Immersion PresentationsEvery year our immersion participants present their project deliverables
Over an eight-week period, interns from universities like Princeton University, University of Texas – El Paso, and George Washington University participate in an intensive virtual and in-person immersion program where they learn about the work of PACH and FIBUSPAM. With the support of PACH and FIBUSPAM mentors, the interns apply their knowledge and creativity to develop projects that will support the health needs of the communities in the Ecuadorian Andes. Many members of our PACH and FIBUSPAM community contributed to the development of these projects focusing on the themes of indigenous culture, Ecuadorian history, health care delivery models, agriculture, traditional medicine, systems thinking, sustainable development, agroecology and project management
Indigenous Nutrition in Chimborazo
MPH student and PACH intern Amandari Kanagaratnam presents a desk review on indigenous nutrition issues in Chimborazo including: child malnutrition, population effects, contributing factors to malnutrition, decolonizing approaches, existing capacities and recommendations for program development.
Recommendations for Improvements in Health Care Outreach at FIBUSPAM
Intern Muskan Effendi presents her findings after conducting needs analyses at hospital FIBUSPAM. Special topics include: risk mitigation in the operation theatre, language accessibility, and hospital needs.
Agroecology Potential in Chimborazo
Interns Kira Emsbo, Kaila Avent, and Sarah Drapkin share their perspectives on the potential development of a collaboration among PACH, FIBUSPAM, and the local Caliata Initiative. Major topics include recommendations for irrigation systems, mitigation of outmigration, promoting agroecology in Chimborazo, and methods for sustainability and replication of this program.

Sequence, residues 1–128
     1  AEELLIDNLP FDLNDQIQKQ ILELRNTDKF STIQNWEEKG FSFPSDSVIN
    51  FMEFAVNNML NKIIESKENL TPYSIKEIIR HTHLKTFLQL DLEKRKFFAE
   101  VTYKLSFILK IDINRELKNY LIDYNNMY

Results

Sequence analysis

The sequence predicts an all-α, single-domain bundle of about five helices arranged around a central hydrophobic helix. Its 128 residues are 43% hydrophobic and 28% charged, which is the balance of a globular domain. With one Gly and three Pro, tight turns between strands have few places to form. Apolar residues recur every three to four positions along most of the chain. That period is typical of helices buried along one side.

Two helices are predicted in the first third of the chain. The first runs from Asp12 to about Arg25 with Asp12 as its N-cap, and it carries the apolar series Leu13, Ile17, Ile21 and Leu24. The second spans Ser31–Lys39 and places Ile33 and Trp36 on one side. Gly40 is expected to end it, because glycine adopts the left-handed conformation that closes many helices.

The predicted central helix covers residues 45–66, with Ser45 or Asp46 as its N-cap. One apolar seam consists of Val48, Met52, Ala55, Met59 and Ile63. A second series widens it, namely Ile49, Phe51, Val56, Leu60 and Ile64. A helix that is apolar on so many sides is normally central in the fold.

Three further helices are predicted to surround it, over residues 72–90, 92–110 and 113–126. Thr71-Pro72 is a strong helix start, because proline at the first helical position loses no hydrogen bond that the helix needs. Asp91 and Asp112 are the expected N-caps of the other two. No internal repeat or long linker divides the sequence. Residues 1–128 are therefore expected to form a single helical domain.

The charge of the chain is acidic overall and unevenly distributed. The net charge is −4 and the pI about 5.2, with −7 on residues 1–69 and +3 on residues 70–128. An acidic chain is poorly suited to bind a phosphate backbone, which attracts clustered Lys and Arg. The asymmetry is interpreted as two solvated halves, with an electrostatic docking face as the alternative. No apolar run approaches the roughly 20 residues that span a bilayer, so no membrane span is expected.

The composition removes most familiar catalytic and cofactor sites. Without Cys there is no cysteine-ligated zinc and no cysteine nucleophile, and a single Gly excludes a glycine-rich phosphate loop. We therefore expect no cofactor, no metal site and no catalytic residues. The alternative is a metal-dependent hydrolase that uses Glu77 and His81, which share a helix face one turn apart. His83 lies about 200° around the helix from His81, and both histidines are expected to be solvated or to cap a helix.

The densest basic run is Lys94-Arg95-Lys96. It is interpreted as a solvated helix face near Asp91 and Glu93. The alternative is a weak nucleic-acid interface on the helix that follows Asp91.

Special Projects in Community Health
Intern Klea Tryfoni shares her experiences as a summer intern and presents the special project deliverables that she worked on independently and in collaboration with our international team of medical students.
The Medical Anthropology of the Andes
A presentation on the daily realities of indigenous Andean communities specifically focusing on traditional medicine, nutrition, mental health, and other aspects of wellbeing.
Epidemiology for Health
A desk review of national and sub national health statistics, demographic health surveys and recently conducted medical and public health research publications with conclusions about the health status of the patients that we serve, demand for services, and potential areas for FIBSUPAM expansion. This analysis also includes Covid-19 data including prevalence, mortality rates, and information on vaccine accessibility.
Farming for Solutions
A presentation of a proposal to support small farmers during and after the pandemic by networking PACH, FIBUSPAM and other agriculture associations and practices to combat the effects Covid-19 and promote health, economic and environmental well-being during a time of food insecurity.
Cornea Transplant Action Plan
A deep dive analysis on the need for ocular tissue transplant and an action plan to uptake this program at the FIBUSPAM clinic.
Training for the Future
In Ecuador medical students are not required to receive a bachelor’s degree before entering medical school and only receive on average five years of education. Residency programs are also virtually non-existent. Under this project the team will research current requirements to become a doctor in Ecuador and compare that to the requirements of becoming a doctor in the United States. Building off of some of the effective components of the traditional American residency program while keeping in mind local culture, the team will create a plan to start a residency program at the FIBUSPAM clinic for local medical school graduates